2017 U. of Cambridge Study on Cryptocurrencies

Source: U. of Cambridge website, 2017

Bitcoin began operating in January 2009 and is the first decentralised cryptocurrency, with the second cryptocurrency, Namecoin, not emerging untl more than two years later in April 2011. Today, there are hundreds of cryptocurrencies with market value that are being traded, and thousands of cryptocurrencies that have existed at some point.1

The common element of these diferent cryptocurrency systems is the public ledger (‘blockchain’) that is shared between network participants and the use of native tokens as a way to incentivise partcipants for running the network in the absence of a central authority. However, there are significant differences between some cryptocurrencies with regards to the level of innovation displayed (Figure 1).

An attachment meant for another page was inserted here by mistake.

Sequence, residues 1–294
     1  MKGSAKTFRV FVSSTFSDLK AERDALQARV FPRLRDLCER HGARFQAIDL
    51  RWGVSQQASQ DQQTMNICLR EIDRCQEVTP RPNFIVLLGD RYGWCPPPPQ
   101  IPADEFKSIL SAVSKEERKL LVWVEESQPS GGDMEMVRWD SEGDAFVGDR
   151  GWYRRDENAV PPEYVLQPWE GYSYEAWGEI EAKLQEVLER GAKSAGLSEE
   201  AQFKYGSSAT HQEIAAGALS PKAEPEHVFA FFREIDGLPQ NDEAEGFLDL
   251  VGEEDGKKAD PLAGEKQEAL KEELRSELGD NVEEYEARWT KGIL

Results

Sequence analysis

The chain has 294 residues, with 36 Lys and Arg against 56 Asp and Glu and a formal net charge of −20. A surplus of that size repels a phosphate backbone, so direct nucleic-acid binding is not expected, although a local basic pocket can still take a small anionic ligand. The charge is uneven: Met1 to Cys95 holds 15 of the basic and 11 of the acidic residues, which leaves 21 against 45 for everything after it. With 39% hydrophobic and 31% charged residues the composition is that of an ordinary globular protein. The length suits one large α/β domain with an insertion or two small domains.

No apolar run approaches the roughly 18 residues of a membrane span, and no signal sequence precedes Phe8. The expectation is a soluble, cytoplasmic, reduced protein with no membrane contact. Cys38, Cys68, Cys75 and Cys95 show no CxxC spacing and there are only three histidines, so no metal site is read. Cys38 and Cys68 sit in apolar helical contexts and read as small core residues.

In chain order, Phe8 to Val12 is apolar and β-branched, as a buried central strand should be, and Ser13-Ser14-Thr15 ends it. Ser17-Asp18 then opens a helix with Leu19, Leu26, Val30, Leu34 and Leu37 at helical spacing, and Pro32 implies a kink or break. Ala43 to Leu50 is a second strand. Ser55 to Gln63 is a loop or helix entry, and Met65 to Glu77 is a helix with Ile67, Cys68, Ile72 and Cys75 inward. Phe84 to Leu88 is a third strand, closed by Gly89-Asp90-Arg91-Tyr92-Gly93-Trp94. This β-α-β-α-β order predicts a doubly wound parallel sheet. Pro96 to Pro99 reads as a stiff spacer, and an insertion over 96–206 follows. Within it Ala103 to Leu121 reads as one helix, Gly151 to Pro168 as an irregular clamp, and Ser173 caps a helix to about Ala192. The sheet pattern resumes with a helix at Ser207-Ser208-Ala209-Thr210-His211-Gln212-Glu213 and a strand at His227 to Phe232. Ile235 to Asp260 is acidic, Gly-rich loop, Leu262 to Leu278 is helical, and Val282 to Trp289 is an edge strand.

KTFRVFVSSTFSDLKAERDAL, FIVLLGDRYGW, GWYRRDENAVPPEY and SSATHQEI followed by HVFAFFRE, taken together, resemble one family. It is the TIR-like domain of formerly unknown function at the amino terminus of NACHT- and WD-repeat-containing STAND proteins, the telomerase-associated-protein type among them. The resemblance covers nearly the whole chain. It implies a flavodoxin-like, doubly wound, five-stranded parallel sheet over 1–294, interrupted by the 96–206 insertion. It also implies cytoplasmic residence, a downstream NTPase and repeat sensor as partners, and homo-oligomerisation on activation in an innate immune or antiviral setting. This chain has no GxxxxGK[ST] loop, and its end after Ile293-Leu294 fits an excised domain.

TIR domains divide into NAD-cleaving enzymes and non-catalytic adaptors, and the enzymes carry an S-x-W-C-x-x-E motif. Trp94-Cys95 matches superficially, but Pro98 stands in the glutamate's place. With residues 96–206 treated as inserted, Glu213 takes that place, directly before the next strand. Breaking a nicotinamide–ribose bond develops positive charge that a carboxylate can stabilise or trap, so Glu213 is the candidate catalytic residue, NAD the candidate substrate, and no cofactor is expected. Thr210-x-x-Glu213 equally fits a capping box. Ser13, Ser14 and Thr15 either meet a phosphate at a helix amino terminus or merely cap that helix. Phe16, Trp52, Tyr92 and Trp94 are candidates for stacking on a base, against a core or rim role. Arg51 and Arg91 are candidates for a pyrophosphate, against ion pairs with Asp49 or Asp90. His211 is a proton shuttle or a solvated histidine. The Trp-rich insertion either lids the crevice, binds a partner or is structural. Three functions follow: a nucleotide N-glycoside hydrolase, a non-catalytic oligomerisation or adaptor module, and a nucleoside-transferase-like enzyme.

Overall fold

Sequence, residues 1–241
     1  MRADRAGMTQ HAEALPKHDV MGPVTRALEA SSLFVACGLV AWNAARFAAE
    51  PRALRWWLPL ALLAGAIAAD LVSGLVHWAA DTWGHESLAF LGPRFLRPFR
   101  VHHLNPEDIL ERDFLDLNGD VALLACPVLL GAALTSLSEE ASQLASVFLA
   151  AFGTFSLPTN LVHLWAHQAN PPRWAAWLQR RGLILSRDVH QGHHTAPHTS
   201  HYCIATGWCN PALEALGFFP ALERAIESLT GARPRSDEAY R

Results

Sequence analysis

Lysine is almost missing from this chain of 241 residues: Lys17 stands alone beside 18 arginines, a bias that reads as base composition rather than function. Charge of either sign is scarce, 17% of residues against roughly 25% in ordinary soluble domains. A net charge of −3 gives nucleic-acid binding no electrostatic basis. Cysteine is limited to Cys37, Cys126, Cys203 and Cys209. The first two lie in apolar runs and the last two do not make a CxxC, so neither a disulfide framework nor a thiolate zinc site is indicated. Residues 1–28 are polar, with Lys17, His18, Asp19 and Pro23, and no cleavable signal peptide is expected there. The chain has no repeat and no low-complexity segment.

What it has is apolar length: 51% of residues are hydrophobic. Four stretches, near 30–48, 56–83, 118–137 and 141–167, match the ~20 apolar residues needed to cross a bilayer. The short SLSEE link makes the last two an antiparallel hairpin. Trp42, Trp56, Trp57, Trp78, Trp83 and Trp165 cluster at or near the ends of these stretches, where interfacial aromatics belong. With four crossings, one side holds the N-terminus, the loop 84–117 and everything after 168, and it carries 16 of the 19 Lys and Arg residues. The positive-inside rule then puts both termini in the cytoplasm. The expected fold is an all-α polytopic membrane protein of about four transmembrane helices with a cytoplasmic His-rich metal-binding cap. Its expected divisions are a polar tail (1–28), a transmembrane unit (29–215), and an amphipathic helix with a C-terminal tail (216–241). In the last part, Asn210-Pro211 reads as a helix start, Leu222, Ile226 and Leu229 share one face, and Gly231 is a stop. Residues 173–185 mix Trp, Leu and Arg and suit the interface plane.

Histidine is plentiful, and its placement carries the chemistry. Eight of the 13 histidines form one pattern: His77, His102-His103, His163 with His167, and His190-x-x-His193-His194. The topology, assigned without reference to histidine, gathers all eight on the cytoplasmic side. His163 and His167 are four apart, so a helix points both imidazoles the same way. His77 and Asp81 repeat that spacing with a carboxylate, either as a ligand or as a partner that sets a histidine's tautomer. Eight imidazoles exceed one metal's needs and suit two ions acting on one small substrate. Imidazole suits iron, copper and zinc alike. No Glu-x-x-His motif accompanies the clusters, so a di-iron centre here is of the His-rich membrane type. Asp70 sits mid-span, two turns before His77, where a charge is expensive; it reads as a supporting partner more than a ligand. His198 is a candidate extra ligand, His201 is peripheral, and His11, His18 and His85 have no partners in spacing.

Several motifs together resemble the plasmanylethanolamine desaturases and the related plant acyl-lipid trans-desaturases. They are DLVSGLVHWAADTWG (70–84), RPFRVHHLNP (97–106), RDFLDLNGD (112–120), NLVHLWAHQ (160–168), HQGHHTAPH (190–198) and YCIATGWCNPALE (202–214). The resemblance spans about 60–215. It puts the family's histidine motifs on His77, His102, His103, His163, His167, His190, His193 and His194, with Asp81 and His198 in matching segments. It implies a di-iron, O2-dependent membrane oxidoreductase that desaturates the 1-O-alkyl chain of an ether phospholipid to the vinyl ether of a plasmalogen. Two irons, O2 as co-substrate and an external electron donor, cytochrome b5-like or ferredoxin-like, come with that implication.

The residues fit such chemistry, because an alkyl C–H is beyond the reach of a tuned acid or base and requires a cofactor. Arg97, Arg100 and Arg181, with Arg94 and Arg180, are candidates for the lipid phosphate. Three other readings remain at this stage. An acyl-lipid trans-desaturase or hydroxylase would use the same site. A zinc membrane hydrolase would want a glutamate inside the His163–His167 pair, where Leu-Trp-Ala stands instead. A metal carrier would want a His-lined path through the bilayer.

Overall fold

The majority of cryptocurrencies are largely clones of bitcoin or other cryptocurrencies and simply feature different parameter values (e.g., different block time, currency supply, and issuance scheme). These cryptocurrencies show little to no innovation and are often referred to as ‘altcoins’. Examples include Dogecoin and Ethereum Classic.2

In contrast, a number of cryptocurrencies have emerged that, while borrowing some concepts from Bitcoin, provide novel and innovative features that offer substantive differences.

These can include the introduction of new consensus mechanisms (e.g., proof-of-stake) as well as decentralised computing platorms with ‘smart contract’ capabilities that provide substantially different functionality and enable nonmonetary use cases.

These ‘cryptocurrency and blockchain innovatons’ can be grouped into two categories: new (public) blockchain systems that feature their own blockchain (e.g., Ethereum, Peercoin, Zcash), and dApps/Other that exist on additional layers built on top of existng blockchain systems (e.g., Counterparty, Augur).4

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